Writing, Curating and Lecturing on Visual Arts, Public Space and Architecture

Acts of Refusal:  Jos de Gruyter & Harald Thys    

Artist duo's bio written for the catalogue of Acts of Refusal – an exhibition at Tartu Art Hall curated by Ellen Blumenstein and Kathrin Meyer (THE OFFICE) in September 2011.

Catalogue in PDF: //media.voog.com/0000/0038/6069/files/Acts%20of%20Refusal_ENG_final_01.pdf

Jos de Gruyter (*1965 in Geel, Belgium) & Harald Thys (*1966 in Wilrijk, Belgium) started working together in the middle of the 1980s. In their work, which includes video, photography, drawing and performance, the artists introduce us to a kind of post-reality world. Their tales unfold in places like tastelessly furnished homes, clubhouses, back alleys or battlefields. In these carefully chosen, meager sets, the artists work with amateur actors to direct video pieces that, for the most part, have no introduction, climax or ending. The scenes unfold painfully slow, creating narratives about a world in which people have reached a level where they have become unable to express their emotions as they have all turned inward. De Gruyter & Thys use noir-surrealism and occasional gallows humor, observing the human zoo, provoking laughter through tears – or laughter as the only possibility to break the deadly numbness, innate to this parallel world constructed in their work.

For Acts of Refusal, the artists present their film Der Schlamm von Branst [The mud of Branst] (2008). A group of silent and strangely absent-minded, nearly immobile people are locked inside a clay studio, where they communicate in a strange way with the sculptures they have made. A woman is about to break out in tears, holding a lump of clay in her lap. The scene is accompanied by a dreadful voiceover, an uncanny sound of lament that lasts for several minutes, becoming almost unbearable. Another sequence shows a group of men piercing a body made of clay, without any sign of emotion, as if they are urged to perform this action but don’t understand why and what they are doing. The events evoke the association of the Jewish Golem legend, a human-like figure made of clay that fulfills orders with the help of magic, but cannot speak or think.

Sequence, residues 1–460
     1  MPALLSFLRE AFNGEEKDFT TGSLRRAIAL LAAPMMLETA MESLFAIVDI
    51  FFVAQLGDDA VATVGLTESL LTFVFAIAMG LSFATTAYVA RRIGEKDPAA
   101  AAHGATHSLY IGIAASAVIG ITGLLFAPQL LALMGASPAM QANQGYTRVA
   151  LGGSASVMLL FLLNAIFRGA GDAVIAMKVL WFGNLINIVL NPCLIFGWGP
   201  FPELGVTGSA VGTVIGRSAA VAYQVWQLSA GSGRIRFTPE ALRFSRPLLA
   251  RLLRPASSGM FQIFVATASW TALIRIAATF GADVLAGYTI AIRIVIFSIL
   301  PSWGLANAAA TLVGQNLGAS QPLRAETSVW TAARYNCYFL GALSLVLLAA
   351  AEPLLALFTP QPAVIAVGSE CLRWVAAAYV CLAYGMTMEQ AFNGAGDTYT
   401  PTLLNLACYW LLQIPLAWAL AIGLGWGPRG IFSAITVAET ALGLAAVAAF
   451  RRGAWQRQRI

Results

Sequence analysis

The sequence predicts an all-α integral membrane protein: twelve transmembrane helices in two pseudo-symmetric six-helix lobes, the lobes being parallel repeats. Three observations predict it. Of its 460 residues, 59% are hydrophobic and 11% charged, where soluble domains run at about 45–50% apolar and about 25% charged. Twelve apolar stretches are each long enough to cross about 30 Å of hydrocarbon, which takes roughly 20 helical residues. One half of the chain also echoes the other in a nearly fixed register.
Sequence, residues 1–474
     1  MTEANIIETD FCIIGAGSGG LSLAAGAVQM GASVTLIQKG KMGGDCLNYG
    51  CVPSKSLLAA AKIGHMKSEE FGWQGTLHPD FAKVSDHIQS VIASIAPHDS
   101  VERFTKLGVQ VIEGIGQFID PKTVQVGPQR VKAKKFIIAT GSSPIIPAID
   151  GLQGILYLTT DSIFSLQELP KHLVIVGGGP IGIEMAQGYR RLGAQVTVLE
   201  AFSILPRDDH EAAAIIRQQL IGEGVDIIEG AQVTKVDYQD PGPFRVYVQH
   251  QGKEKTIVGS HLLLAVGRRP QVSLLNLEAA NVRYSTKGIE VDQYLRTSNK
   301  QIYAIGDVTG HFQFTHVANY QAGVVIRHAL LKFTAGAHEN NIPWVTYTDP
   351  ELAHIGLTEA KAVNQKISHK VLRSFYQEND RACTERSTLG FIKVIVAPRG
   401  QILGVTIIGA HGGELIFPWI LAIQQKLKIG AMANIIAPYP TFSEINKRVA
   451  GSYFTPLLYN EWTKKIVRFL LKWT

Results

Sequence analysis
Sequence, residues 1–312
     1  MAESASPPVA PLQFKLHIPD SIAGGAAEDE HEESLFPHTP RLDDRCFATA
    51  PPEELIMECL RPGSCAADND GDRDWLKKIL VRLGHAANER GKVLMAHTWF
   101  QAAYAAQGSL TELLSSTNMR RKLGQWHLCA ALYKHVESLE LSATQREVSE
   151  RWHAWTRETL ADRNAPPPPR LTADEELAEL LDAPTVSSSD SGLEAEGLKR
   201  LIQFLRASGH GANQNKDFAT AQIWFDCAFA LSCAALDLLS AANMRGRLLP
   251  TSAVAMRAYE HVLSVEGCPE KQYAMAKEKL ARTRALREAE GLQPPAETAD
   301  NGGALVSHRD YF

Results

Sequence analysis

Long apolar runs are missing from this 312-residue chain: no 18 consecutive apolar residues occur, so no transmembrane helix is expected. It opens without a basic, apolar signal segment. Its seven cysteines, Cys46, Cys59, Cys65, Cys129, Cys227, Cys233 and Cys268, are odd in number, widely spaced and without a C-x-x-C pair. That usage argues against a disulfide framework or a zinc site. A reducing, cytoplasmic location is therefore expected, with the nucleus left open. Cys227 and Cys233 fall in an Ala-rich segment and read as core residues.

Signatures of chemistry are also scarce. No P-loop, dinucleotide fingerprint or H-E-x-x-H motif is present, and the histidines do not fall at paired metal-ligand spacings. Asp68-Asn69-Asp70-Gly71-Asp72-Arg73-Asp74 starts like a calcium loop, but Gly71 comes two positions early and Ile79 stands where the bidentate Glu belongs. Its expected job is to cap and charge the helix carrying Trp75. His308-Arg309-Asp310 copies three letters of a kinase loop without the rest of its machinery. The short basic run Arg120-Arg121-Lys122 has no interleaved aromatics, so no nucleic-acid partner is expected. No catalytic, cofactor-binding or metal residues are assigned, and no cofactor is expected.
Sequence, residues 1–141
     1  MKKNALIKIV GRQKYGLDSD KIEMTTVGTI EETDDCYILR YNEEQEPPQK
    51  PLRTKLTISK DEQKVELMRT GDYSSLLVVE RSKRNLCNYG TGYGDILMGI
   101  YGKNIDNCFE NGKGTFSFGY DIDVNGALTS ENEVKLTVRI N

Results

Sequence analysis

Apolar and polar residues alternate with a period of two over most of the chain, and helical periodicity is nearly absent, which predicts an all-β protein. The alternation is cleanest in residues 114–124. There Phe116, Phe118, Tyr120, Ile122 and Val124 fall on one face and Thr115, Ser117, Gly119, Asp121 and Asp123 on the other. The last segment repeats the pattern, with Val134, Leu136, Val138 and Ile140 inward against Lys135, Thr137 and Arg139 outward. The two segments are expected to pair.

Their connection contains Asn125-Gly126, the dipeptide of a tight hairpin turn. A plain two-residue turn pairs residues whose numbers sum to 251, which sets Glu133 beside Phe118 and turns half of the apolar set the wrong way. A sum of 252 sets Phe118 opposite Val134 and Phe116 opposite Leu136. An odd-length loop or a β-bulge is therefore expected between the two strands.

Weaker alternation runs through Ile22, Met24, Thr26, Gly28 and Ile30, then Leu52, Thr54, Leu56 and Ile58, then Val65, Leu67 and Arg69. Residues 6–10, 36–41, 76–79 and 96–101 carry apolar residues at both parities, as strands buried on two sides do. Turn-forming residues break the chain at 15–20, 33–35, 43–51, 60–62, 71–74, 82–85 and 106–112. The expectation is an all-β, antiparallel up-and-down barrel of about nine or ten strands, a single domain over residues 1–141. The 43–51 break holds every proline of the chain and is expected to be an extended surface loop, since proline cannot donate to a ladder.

In the middle of the film we see an overexposed scene of a river, accompanied by synthesizer music, without any people, reminiscent of low-budget science-fiction movie, representing a dystopia or a faint memory. In this world, people have locked themselves inside their basement studio (and inside the studio they have locked themselves inside themselves). The video creates an atmosphere of extreme stagnation and claustrophobia, where nobody is able to move, communicate or break out. The outside is bleak und unreal, too bright to be inhabitable, and only the river’s flow indicates the passage of time. Refusal is not an option for these characters, since they are caught within a space they don’t understand, where they shall remain, caught in a parallel world inhabited by golems.

Acts of Refusal: Barthol Lo Mejor
Acts of Refusal: Olivia Blender

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